Amazon is growing on-demand services after reporting a 20% sales increase in 2015.
E-retailers should be using information they glean from abandoned shopping carts to make site or product improvements, says Fry Multimedia Inc.
E-retailers should be using information they can glean from their abandoned shopping cart to make site or product improvements, says a new white paper from Fry Multimedia Inc.
Among the insights an e-retailer can gain from such an exercise are:
--How much time and how many visits most people need in order to commit to a purchase.
--To what degree visitors use the online store for browsing and research that ultimately lead to a sale at an offline store or from a catalog.
--The percentage of visitors who start a cart but never try to check out.
--How many visitors who start to check out actually complete the process.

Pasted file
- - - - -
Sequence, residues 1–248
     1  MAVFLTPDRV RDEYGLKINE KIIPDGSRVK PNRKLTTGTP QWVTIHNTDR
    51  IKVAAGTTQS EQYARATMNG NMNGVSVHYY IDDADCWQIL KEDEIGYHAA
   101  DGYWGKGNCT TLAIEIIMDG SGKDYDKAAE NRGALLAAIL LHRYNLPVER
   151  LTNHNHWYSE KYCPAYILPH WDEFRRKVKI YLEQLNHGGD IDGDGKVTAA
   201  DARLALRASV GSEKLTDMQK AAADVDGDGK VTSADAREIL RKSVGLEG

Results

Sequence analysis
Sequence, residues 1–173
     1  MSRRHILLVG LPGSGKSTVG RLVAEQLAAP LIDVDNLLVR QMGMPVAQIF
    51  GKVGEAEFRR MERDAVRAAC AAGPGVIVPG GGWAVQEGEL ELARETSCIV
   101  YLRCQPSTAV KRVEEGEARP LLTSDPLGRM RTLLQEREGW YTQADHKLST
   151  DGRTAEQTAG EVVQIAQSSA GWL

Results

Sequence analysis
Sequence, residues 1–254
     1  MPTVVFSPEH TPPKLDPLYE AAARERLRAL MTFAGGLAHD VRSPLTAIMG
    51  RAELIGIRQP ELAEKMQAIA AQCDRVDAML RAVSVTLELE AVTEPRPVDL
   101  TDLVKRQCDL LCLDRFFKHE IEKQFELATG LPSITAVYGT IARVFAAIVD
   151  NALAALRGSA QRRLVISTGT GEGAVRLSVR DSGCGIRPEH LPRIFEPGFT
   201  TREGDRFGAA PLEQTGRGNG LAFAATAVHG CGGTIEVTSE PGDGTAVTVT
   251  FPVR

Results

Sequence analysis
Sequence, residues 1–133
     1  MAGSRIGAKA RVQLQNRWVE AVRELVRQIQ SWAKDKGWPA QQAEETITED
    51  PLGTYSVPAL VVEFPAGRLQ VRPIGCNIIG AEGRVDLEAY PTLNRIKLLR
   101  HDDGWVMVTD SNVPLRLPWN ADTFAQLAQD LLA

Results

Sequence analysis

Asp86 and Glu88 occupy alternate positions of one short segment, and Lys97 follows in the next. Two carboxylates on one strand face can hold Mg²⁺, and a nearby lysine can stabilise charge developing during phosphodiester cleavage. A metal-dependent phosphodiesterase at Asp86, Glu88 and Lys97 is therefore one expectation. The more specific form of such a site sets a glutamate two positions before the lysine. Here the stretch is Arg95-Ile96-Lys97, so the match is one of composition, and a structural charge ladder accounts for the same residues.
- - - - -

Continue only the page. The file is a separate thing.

"E-tailers tend to be obsessed with the proportion of online shopping carts that are abandoned and the resulting specter of lost sales," says Kara Heinrichs, Fry`s chief customer experience officer. "We believe this focus is counter-productive and takes the e-tailer`s attention away from measurements that can lead to real insights into online shopping behavior-- and real improvements in online merchandising."
Contrary to current thinking, an abandoned online cart is not tantamount to a shopper deserting a full grocery cart while fourth in line to pay at the supermarket, Heinrichs says. Consumers often use carts to "mark" items of note, for example, much like dog-earing a page in a catalog, or taking a garment to a fitting room, she says.
Looking at where in the checkout process carts are abandoned provides key insights for site and process improvement, the paper says. "E-tailers` back-end systems reveal what consumers actually bought, but abandoned carts show what people wanted to buy but didn`t," Heinrichs says. "That`s intriguing and valuable information. Imagine the cross-sell, personalization, and promotional possibilities this information can inspire."